Jobs tax increase would hit small businesses and young earners
Prime Minister Boris Johnson’s expected announcement of a 1 per cent increase in national insurance contributions has caused concern among small business owners.
The tax hike, which has not yet been formally announced, would fund an overhaul of the UK’s social care system and address the long hospital backlogs precipitated by COVID-19.
Expected to raise approximately £10 billion per year, it will be levied against both employers and employees.
National chair of the Federation of Small Businesses (FSB) Mike Cherry commented on what he saw as poor timing of the tax hike, noting small businesses were grappling with a number of changes this week alone.
“It is astonishing that just 24 hours after many businesses were able to re-open, ministers think now is a good time to land small firms with this bombshell,” Mr Cherry said.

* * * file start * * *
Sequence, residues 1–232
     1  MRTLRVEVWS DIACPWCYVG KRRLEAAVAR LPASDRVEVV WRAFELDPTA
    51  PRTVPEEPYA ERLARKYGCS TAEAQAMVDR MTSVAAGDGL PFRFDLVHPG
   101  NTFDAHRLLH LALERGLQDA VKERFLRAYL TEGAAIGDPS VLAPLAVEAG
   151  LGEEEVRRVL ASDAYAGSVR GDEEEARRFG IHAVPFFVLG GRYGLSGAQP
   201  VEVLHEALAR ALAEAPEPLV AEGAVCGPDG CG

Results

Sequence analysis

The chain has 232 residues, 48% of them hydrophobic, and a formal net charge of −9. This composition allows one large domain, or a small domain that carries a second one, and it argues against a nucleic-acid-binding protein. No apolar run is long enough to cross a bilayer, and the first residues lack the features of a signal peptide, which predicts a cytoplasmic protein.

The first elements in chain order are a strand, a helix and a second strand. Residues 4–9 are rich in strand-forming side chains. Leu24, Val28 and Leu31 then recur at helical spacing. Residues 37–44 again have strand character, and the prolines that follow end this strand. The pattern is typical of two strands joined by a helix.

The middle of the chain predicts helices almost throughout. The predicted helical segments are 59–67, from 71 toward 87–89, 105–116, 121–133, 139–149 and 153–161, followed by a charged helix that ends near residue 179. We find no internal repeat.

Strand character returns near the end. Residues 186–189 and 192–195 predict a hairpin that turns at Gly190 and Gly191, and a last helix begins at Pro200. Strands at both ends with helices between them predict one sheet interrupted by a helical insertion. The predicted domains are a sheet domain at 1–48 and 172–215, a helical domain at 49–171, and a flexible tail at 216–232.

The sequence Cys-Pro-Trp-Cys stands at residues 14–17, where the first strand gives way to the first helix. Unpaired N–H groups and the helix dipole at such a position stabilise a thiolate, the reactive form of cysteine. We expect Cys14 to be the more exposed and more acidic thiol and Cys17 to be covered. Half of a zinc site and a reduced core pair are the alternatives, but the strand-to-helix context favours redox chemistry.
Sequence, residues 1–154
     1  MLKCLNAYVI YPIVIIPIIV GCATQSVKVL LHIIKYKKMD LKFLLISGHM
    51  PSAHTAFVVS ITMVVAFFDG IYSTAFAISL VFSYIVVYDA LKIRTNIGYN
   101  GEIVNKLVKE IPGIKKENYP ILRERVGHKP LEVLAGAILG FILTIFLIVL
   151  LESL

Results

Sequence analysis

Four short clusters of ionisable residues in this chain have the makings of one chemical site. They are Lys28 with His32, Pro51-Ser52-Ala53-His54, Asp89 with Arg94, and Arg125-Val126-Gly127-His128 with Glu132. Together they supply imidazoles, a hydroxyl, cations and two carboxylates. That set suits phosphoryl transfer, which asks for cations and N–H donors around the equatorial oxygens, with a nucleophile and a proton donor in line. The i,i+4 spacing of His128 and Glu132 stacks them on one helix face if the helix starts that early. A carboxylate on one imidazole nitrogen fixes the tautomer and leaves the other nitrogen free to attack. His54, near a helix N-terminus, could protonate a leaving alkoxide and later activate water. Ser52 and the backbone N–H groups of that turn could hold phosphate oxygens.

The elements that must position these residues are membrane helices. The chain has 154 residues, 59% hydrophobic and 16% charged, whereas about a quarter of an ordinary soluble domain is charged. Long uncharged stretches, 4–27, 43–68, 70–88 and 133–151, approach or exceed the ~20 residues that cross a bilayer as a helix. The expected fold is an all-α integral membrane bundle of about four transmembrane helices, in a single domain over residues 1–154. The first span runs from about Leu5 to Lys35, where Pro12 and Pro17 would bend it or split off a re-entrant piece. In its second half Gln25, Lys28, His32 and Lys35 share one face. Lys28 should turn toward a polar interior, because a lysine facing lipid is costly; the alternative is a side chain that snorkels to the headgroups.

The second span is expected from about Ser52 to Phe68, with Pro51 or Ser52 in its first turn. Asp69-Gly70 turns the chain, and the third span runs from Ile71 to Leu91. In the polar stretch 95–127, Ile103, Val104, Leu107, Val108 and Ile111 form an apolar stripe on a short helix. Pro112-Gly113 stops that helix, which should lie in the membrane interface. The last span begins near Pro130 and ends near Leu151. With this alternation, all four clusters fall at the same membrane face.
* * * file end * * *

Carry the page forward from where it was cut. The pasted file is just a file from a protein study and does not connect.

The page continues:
“After the huge amount of damage wrought to businesses over the last 16 months, the government cannot be serious about a strong economic recovery if it thinks hiking the jobs tax is a good idea,” Mr Cherry said.
Even with the announcement not yet official, Mr Cherry observed small business owners already weighing up their options for the future, calculating how many employees they could keep on under the potential increase.
It comes as they’re also considering how to manage after the furlough scheme winds down.
“To hike them as the furlough scheme and wider support measures end would stop our economic recovery in its tracks before it’s even started,” Mr Cherry said.
Independent think-tank the Resolution Foundation, which is focused on improving the living standards of those on low-to-middle incomes, raised similar concerns about raising national insurance contributions.
While stressing the need for increased funding for the NHS, the think-tank released a publication authored by CEO Torsten Bell and economist Adam Corlett this week, stating that “raising National Insurance is a terrible way to go about [funding social care]”.
“It asks younger and lower-paid workers to contribute more than older and wealthier people, compared to a fairer rise in income tax,” Mr Bell and Mr Corlett said.